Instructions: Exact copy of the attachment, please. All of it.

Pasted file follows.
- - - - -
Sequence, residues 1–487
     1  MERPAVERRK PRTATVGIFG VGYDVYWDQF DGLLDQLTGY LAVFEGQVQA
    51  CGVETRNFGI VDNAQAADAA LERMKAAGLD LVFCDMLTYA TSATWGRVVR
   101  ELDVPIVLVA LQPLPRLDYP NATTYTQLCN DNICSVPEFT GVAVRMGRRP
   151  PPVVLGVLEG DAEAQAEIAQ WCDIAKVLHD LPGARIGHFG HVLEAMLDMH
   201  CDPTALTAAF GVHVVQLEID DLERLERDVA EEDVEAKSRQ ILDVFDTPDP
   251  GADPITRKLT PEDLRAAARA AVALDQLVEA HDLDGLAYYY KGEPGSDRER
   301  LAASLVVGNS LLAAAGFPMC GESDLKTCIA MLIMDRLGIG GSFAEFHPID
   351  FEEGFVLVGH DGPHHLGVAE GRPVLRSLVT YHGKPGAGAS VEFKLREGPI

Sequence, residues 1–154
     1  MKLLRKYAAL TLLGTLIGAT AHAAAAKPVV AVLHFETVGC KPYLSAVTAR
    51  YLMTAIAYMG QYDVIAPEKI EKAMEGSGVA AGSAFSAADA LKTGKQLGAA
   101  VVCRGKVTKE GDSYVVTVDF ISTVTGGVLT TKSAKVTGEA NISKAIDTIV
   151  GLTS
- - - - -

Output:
Sequence, residues 1–487
     1  MERPAVERRK PRTATVGIFG VGYDVYWDQF DGLLDQLTGY LAVFEGQVQA
    51  CGVETRNFGI VDNAQAADAA LERMKAAGLD LVFCDMLTYA TSATWGRVVR
   101  ELDVPIVLVA LQPLPRLDYP NATTYTQLCN DNICSVPEFT GVAVRMGRRP
   151  PPVVLGVLEG DAEAQAEIAQ WCDIAKVLHD LPGARIGHFG HVLEAMLDMH
   201  CDPTALTAAF GVHVVQLEID DLERLERDVA EEDVEAKSRQ ILDVFDTPDP
   251  GADPITRKLT PEDLRAAARA AVALDQLVEA HDLDGLAYYY KGEPGSDRER
   301  LAASLVVGNS LLAAAGFPMC GESDLKTCIA MLIMDRLGIG GSFAEFHPID
   351  FEEGFVLVGH DGPHHLGVAE GRPVLRSLVT YHGKPGAGAS VEFKLREGPI

Sequence, residues 1–154
     1  MKLLRKYAAL TLLGTLIGAT AHAAAAKPVV AVLHFETVGC KPYLSAVTAR
    51  YLMTAIAYMG QYDVIAPEKI EKAMEGSGVA AGSAFSAADA LKTGKQLGAA
   101  VVCRGKVTKE GDSYVVTVDF ISTVTGGVLT TKSAKVTGEA NISKAIDTIV
   151  GLTS